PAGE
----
How Dry It Is

While the Gulf coast of Texas experienced horrendous flooding, the western and central part of the state were dry and dusty.  Here we’ve had 13 inches of rainfall this year, less than half of the average 27 inches.  We’re drier than even surrounding areas.  I suspect that’s due to the fact than our property is in a valley between two ridges.

Desert Bird of Paradise or Yellow Bird of Paradise (Caesalpinia gilliesii) is so hardy that some consider it invasive.  This has been here for about 11 years, and only two years ago did another one come up in the same flower bed about three feet from the parent plant.

The flower bed has drip line watering, so a voluntary in our hard clay dirt outside of the flower bed doesn’t seem likely.

The thin, narrow leaflets on the compound leaves that resemble Mesquite leaves means that there is little water evaporation, so it’s a great plant for our area.

A desert plant from South Africa, African Bulbine (Bulbine frutescens ‘Orange African Bulbine’), doesn’t mind the heat.  It cannot take cold, so we’ve been lugging two pots of these into a shed each year for more years than I care to remember – probably 11 years.

The flowers aren’t showy but look nice blowing in the wind.

Sweet Autumn Clematis (Clematis terniflora) is a prolific grower.  Also known as Virgin’s Bower and Japanese Clematis, it is such a vigorous plant that it must be cut back each winter.

This year the vine has suffered from chlorosis.  It’s one of those things I think of when I pass by it and forget later.  Just recently I read that the iron should be applied with Sulfur Soil Acidifier.  I bought some today, so there’s no excuse to postpone this task.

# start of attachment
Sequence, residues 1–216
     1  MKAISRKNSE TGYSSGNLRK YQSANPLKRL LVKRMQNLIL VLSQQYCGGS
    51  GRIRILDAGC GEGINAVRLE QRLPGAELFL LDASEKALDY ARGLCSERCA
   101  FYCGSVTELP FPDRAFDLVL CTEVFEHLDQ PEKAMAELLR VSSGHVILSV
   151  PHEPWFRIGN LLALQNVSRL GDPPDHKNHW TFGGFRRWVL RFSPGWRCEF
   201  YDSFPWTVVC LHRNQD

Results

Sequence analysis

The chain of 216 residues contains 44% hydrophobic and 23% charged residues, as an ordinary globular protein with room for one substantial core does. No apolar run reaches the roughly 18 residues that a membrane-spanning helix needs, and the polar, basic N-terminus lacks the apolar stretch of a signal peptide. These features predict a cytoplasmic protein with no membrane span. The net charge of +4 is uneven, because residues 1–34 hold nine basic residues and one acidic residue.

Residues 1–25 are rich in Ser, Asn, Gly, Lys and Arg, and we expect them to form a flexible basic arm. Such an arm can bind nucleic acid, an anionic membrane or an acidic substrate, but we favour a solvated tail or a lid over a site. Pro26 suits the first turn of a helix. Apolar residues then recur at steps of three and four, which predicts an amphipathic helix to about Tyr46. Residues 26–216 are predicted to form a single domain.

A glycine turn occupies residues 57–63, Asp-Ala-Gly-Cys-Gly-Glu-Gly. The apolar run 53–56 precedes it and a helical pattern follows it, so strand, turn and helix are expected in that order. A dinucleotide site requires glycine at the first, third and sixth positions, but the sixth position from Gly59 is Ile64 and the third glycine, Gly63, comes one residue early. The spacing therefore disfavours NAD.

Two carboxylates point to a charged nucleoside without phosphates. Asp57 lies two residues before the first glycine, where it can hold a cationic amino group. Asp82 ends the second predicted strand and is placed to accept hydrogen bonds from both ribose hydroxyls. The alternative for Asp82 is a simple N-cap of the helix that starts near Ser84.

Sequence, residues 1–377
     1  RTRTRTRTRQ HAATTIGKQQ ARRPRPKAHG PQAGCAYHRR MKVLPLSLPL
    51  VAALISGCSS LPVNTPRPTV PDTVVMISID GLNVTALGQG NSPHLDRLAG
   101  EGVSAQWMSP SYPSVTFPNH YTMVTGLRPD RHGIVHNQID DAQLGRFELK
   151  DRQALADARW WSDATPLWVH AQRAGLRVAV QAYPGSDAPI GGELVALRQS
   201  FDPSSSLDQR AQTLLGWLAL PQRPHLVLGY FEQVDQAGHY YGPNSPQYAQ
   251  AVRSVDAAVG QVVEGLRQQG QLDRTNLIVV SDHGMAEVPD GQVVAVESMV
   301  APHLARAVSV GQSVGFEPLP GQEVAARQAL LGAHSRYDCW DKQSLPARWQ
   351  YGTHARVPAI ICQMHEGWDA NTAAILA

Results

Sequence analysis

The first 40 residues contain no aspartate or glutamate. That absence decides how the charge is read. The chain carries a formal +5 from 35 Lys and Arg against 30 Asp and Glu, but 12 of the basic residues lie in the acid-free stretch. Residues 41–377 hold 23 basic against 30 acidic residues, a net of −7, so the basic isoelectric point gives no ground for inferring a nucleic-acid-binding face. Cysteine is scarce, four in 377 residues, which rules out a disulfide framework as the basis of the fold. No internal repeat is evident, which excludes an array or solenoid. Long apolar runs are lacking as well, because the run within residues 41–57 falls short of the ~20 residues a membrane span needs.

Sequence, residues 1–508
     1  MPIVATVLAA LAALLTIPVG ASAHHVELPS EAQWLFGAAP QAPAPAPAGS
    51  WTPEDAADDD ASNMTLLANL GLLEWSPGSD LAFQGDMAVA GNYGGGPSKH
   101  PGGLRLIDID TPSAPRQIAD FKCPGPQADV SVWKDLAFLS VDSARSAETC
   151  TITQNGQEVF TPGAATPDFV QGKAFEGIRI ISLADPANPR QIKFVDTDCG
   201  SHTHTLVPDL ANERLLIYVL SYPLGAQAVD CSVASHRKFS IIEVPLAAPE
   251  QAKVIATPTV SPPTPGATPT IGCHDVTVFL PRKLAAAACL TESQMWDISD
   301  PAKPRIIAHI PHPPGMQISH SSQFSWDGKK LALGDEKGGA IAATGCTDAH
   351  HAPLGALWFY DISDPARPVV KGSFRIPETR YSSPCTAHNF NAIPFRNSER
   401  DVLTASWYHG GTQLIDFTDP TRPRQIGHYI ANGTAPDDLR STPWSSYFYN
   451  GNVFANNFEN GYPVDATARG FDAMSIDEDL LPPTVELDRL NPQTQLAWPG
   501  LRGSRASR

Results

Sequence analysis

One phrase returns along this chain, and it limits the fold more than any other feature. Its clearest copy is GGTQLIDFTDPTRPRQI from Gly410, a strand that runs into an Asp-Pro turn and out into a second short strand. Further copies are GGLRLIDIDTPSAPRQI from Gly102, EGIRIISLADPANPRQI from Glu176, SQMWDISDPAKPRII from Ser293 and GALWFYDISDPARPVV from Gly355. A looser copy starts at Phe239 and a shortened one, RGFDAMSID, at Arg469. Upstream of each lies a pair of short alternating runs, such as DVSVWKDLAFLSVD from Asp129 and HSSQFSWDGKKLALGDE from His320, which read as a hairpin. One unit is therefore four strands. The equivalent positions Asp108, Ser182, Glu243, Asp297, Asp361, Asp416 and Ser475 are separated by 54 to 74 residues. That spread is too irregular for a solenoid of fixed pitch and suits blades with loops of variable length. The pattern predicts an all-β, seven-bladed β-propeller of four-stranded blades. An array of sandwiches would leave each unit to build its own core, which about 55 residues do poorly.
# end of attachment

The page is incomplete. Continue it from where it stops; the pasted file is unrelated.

Sweet Autumn Clematis lives up to its name.  The sweet smell engulfs anyone near it.

Anyone familiar with Mexican Petunias (Ruellia simplex) knows how invasive they are, but a patch of them is a stunning sight.  All this started from one little cutting I took years ago.

Every spring we dig them up around the edges to stop their spread.  This year I gave up and used several doses of Round Up to keep them contained.

And, oddly, I still like them.  They look great behind a bed of Blue Mist Greggii.

The Swamp Sunflowers (Helianthus angustifolius) have begun their reach for the sky.  In spite of their name, they are drought tolerant and get very little water.

From spring until the middle of September, the plants have this palm tree look.

Then the stems start growing tall and sunflowers appear.

Extremes of weather plays havoc in gardens, but plant lovers just keep propagating, planting, watering, and weeding.  It’s can be frustrating but satisfying and rewarding.

“There is a lot that happens around the world we cannot control.  We cannot stop earthquakes, we cannot prevent droughts, and we cannot prevent all conflict, but when we know where the hungry, the homeless and the sick exist, then we can help.”
Jan SchakowskySave

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Rising Heat

As temperatures heat up, I appreciate those flowering plants that can survive.  The high so far has been 99 which means we haven’t gotten into the crazy time, yet.

summerheat7This Pink Guara (Onagraceae Gaura lindheimeri) has gotten out of hand.  It is spreading rapidly now.  It was well behaved for about six years.  But it still looks so pretty swaying in the wind.  It will bloom continuously until the first freeze.